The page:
Rain still has the highest coverage and is expanding as funds allow, he said.

Meanwhile, mobile operators are adding coverage and capacity to their LTE networks.

Fixed-LTE remains by far the leading broadband medium in South Africa — both in terms of network coverage and actual subscriber numbers.

“The LTE market is mature and operators are still in the process of maximising their deployment of the spectrum they acquired in 2022,” said Geerdts.

“They are also paving the way for the ‘sunsetting’ of their 2G and 3G networks, although BMIT anticipates 2G services will remain available in some form for years to come.”

Christopher Geerdts
Christopher Geerdts, BMIT managing director

Prices and average revenue per user (ARPU)

BMIT believes that fixed–4G and 5G adoption will likely be sustained by aggressively priced uncapped and quasi-uncapped offerings.

This will be supported by the ever-reducing cost of 5G devices.

“Most offerings, Rain being a notable exception, are currently either capped or otherwise restricted and have a Fair Usage Policy (FUP),” Geerdts noted.

“But the larger-cap options are generous enough to meet the consumption habits of many households.”

Fixed-wireless broadband remains the dominant use case for 5G — in South Africa and the world.

BMIT said the technical advantages of 5G will enable more competitive offerings.

“High levels of competition are expected to continue among ISPs within each access category, along with competition between various access media types,” BMIT stated.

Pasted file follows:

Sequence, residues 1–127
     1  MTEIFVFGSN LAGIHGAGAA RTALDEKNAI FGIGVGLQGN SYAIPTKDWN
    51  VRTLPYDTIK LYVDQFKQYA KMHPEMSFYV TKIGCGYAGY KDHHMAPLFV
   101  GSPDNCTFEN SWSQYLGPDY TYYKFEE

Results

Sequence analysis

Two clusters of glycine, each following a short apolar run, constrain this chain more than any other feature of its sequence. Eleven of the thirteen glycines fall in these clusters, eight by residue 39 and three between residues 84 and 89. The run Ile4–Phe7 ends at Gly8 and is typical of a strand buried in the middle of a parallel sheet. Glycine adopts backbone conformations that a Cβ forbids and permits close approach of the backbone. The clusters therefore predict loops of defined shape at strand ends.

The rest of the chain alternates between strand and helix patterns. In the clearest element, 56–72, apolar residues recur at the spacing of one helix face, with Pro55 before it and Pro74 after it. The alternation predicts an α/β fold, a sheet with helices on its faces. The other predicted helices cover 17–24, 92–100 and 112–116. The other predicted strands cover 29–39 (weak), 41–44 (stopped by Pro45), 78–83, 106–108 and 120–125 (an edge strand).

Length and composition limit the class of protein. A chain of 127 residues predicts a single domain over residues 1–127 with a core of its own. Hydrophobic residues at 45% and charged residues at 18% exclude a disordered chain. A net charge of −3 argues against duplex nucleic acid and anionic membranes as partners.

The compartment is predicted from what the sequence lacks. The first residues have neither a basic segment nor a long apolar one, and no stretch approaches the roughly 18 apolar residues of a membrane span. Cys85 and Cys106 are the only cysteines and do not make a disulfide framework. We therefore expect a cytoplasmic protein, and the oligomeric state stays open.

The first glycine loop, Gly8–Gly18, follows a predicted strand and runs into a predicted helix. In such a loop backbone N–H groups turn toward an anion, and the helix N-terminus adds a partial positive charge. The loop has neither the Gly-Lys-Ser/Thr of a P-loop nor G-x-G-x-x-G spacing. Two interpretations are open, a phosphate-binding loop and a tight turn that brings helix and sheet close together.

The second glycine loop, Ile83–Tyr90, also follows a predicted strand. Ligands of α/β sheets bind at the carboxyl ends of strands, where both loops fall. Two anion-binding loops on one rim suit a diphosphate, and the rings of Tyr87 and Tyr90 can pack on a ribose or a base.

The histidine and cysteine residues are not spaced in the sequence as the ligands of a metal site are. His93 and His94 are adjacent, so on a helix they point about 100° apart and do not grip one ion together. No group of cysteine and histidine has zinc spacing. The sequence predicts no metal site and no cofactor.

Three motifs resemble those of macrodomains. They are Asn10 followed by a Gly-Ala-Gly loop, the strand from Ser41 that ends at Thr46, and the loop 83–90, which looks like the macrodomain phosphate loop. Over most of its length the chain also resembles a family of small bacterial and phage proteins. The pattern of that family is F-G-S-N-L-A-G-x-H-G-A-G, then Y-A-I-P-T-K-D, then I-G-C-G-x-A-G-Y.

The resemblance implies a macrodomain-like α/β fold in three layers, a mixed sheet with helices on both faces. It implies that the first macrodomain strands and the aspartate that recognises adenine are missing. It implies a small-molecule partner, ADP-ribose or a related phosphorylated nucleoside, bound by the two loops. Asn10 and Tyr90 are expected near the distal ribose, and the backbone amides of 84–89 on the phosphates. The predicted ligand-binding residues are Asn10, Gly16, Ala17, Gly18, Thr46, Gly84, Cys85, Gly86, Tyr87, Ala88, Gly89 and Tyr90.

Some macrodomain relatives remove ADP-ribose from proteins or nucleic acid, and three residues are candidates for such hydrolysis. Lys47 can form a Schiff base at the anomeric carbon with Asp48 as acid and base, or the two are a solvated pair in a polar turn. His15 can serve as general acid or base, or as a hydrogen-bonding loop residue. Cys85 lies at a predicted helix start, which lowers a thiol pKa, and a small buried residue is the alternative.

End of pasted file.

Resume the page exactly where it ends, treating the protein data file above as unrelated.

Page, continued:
Despite this, price increases are becoming increasingly common following years of ARPU attrition.

“This trend can be expected to continue in the future, driven by underlying inflationary cost pressure experienced by service providers.”

It’s a similar story in the business-to-business segment.

High growth in business broadband fibre connections has led to massive reductions in blended ARPUs over the past five years.

“Players interviewed by BMIT have expressed the belief that this big ‘category shift’ has now largely worked itself out and prices may start to stabilise or increase in line with rising input costs,” it said.

“Cost-related increases were strongly evidenced during the significantly heightened levels of load-shedding that took place 2022–2023.”

BMIT said temporary promotional offers will likely become more common as fibre and wireless offerings vie for market share while ultimately migrating the customer to a higher-priced offering.

Home broadband price points across access media types (fibre, fixed wireless and fixed LTE) aimed at the important R300–400 and R400–500 affordability levels are now generally rolled out.

Deals target customers in these brackets with uncapped services while, in most cases, differentiating the services from standard or premium services.

Most of the fibre products in this category are geography-specific.

Starlink and the rise of low-earth-orbit (LEO) satellites

“LEO satellite services are in focus now and regarded as potentially disruptive to the market,” said Geerdts.

OneWeb services are available in South Africa via BCX and QKon, but priced for the business market.

Starlink has around 2.3 million subscribers globally, but is not yet licensed to operate in South Africa.

BMIT’s view is that the equipment and services are currently too expensive to suggest there will be mass uptake in the near future.

On the other hand, BMIT is watching the direct-to-handset market closely, where subscribers can access satellite via their current LTE/5G handsets and their existing mobile subscriptions.

Geerdts expects South African operators to begin trialling this in 2024, although initially with text-based services only.

He sees this as a potential game changer as the country will then have 100% outdoor coverage, and service downtime will be reduced.

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South Africa’s fibre and 5G war